AR is an analytic of relations, not creation in the sense of steps to an endpoint. It is not for articulating the steps in a finite process; it is for perceiving dynamic connections—entanglements—in which different phenomena involve and influence one another.
It is not merely that these actors were connected within a network, in an “endless chain of associations,” a reductive analysis for which as ANT has been criticized. AR allows us to conceptualize points of contact as diffraction waves in each’s ongoing evolution. Rather than a mapping of connections, AR allows for focusing on a specific throughline in focusing an inquiry. We are all connected and within the same universal system, but through agential cuts we define the practical limits of our inquiries, if not the actual limits of the phenomena under analysis. Here, my agential cut focuses on early synthesizing and gendering in the US. Gender is not imprinted on keyboards; gendering informs what keyboarding is and will be. Likewise, keyboarding informs what gendering is and will be.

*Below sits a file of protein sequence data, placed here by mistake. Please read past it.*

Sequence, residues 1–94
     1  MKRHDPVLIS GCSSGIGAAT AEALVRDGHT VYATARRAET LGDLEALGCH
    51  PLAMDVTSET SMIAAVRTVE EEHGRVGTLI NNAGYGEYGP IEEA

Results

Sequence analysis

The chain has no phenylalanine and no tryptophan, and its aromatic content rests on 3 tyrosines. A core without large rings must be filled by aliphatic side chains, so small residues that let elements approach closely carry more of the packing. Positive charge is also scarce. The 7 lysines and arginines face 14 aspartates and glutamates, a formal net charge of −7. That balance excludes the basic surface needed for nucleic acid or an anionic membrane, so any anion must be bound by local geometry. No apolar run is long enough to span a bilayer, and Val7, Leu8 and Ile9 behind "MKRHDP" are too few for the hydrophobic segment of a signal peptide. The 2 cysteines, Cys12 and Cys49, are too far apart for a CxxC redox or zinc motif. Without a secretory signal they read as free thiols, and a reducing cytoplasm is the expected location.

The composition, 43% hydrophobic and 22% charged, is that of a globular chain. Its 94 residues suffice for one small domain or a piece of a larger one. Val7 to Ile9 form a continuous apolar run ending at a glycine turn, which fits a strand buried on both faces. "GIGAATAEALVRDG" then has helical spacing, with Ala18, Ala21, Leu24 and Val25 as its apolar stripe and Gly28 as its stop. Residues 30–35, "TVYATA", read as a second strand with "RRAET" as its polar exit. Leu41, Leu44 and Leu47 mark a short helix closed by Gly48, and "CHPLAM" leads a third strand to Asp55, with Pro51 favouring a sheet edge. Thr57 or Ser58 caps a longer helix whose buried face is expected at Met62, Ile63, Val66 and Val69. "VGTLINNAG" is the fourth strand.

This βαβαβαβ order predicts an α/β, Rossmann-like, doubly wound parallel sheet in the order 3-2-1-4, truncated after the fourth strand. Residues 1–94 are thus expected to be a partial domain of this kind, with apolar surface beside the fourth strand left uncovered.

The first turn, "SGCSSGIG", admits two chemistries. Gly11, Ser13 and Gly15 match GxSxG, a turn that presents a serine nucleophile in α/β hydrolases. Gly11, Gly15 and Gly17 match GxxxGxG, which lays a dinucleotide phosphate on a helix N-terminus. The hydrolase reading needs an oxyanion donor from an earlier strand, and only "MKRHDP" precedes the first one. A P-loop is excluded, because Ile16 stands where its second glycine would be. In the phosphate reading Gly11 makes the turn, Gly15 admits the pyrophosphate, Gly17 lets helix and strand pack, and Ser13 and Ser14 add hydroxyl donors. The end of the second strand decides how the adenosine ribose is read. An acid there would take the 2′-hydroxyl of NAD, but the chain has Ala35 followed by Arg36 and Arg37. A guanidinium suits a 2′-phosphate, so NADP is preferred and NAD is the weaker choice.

Moog historians Pinch and Trocco write, “Here was a new instrument, the synthesizer, one of the few new instruments ever to come along, and people seemed obliged to perceive it in terms of instruments with which they were familiar, the piano and guitar. Escape from these shadows would be difficult” (64). Perhaps the most familiar component of piano-playing is keyboarding, and keyboarding has rich entanglements with feminizing.8 Although, certainly, venerated piano composers and performers have been predominantly men, by the nineteenth century, the ubiquitous and unparalleled domestic musical instrument was the piano. This entangled the playing of pianos and similar keyboarded instruments with the private sphere, typically a component of feminizing. In such amateur contexts, it was almost exclusively females that played pianos. More broadly, in his history of the body and sonic representations, Richard Leppert argues that “in Europe, at least since the eighteenth century, music and femininity were viewed interchangeably” (155).